“The fish are fine,” said veteran harvester John Renner, vice president of Cordova District Fishermen United. “There are just not enough of them. It’s a weak season in my humble opinion. It’s not a biological catastrophe, but a financial one,” he said.
“It is coming in well under the forecast for reds and kings on the Copper River,” noted Jeremy Botz, gillnet area management biologist for the Alaska Department of Fish and Game at Cordova. “The run is coming in late, but also looking smaller than forecast. So far it has been pretty scratchy, but we have lots of potential for sockeye and chum for western Prince William Sound” for seiners and the drift fleet, he said.
Only four of the six 12-hour openers scheduled since the harvest began on May 14 have been opened for fishing by ADF&G. To date there have been 1,653 deliveries for a total of 78,177 fish, including 5,751 Chinook, 71,370 sockeyes and 1,056 chum salmon. The first opener on May 14 resulted in 372 deliveries of 1,552 kings, 1,473 reds ad 34 chum, a total of 3,059 fish. Adding to that was the May 18 opener, with a catch of 6,622 salmon, the May 25 opener, with 35,839 salmon and the June 1 opener, with 32,657 salmon delivered to processors.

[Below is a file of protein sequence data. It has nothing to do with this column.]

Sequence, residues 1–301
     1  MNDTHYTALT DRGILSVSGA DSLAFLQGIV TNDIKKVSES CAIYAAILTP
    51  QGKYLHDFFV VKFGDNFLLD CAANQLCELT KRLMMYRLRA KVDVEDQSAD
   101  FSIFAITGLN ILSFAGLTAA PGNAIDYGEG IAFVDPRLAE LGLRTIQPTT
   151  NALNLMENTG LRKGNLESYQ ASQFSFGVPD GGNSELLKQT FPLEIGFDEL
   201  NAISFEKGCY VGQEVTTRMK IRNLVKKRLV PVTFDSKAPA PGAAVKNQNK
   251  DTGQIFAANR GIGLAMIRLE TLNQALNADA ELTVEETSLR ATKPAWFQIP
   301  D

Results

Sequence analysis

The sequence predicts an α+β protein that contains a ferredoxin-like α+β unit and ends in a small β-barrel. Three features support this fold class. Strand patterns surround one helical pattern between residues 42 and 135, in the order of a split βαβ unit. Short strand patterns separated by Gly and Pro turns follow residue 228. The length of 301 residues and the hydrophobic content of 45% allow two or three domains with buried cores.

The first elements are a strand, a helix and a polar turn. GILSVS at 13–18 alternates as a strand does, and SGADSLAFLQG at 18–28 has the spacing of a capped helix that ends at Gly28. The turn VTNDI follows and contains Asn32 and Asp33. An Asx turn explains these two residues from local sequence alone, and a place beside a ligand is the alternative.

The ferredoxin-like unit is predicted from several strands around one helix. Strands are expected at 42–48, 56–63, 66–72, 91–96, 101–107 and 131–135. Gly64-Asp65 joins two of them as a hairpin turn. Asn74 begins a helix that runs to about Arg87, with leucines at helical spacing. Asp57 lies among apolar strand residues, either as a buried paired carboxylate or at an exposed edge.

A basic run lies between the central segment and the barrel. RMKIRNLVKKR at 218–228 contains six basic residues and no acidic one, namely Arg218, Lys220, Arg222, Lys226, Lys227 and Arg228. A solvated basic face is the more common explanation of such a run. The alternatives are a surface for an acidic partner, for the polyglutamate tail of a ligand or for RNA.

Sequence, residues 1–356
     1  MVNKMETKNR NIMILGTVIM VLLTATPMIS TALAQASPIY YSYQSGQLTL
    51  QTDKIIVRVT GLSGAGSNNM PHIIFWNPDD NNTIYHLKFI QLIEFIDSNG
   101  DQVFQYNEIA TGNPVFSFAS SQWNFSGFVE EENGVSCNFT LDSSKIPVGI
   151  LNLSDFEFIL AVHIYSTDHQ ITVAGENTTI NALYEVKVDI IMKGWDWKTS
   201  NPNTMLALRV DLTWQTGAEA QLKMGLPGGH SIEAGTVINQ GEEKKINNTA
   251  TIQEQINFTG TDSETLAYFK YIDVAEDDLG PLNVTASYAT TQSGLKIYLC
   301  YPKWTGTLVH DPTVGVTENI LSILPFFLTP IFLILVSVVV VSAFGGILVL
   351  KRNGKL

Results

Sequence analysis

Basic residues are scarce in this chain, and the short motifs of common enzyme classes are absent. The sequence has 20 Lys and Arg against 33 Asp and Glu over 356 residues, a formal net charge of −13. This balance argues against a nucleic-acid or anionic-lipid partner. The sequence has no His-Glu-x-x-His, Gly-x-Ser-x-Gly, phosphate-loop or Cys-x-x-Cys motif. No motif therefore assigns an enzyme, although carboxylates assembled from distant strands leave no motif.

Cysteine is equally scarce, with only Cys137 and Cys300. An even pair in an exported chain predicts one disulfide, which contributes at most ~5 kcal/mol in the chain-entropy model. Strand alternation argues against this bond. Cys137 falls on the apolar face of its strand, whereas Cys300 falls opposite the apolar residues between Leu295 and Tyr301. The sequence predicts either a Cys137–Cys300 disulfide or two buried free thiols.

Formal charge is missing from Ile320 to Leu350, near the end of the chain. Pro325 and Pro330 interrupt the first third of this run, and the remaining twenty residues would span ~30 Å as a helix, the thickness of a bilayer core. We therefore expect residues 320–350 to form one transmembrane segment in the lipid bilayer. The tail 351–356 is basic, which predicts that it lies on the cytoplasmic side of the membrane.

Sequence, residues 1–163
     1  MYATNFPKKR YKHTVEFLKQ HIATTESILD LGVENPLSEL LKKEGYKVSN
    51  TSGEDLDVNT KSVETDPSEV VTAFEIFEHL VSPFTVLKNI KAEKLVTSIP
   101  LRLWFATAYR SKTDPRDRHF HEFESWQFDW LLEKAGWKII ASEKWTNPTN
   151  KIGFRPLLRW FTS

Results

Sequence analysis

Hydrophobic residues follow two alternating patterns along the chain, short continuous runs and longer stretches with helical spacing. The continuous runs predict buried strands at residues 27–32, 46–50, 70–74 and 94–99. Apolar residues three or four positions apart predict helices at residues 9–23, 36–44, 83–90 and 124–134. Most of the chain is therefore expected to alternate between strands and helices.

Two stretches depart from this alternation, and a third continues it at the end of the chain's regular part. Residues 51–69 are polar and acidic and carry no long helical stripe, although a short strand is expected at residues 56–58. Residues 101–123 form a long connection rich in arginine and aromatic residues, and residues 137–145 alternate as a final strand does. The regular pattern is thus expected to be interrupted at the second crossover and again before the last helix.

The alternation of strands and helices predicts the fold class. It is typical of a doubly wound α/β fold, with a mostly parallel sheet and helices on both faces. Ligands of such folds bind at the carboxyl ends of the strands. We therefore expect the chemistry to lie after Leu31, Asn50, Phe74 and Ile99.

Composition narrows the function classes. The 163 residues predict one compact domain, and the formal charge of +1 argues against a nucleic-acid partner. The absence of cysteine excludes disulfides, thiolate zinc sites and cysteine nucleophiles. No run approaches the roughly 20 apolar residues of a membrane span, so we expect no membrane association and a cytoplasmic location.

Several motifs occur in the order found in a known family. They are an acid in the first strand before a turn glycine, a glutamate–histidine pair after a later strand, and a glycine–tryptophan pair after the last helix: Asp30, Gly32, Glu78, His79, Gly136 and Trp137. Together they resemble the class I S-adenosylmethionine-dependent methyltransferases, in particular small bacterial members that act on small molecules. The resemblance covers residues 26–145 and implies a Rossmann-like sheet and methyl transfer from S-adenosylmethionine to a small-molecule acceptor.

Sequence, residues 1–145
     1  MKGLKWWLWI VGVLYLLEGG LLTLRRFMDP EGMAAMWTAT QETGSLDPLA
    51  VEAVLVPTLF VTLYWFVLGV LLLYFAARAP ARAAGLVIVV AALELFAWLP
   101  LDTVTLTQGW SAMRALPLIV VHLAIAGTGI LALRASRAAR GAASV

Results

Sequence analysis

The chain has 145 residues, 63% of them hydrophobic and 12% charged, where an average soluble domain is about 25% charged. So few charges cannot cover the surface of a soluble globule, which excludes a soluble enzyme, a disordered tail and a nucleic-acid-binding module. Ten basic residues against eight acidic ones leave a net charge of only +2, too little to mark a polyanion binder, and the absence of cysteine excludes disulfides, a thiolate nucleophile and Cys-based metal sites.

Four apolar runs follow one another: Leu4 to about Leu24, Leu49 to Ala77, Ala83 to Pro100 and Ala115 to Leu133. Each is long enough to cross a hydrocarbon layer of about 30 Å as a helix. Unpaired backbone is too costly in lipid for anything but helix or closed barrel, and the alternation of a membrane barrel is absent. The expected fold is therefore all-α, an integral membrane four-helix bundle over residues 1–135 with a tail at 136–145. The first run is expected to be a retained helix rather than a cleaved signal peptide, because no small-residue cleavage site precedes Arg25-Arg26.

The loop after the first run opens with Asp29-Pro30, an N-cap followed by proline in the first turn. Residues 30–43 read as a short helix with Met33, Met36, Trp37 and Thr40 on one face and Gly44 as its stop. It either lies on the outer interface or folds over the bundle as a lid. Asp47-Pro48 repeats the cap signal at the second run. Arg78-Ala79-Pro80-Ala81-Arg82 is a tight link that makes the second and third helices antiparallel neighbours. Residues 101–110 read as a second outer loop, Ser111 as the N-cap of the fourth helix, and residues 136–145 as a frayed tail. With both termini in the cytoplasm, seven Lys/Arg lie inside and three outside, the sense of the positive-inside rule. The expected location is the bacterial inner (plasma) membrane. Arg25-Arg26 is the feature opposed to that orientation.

Seafood shops that are hawking Copper River salmon meanwhile are asking premium prices.
At the online seafood shop FishEx in Anchorage premium portions of fresh Copper River king salmon are $78.95 a pound, premium portions of fresh Copper River sockeyes are $44.95 a pound, and a 20-pound case of Copper River king fillets is selling for $1,250.
At Pike Place Fish Market in Seattle the prices for fresh Copper River salmon are holding at $74.98 a pound for king fillets and $49.99 a pound f
or sockeye fillets. Whole fresh Copper River kings are still commanding $659.99 apiece and whole fresh Copper River reds are $174.99.
As of yesterday, June 2, the market was sold out of Copper River king fillets and whole fish, but still had whole Copper River reds and sockeye fillets in stock.
Statewide, as the wild salmon harvest season gets off and running, preliminary harvest figures compiled by ADF&G show an overall harvest of 115,000 fish, including 91,000 reds, 23,000 kings and 1,000 chums in Southeast and the Central regions of Alaska.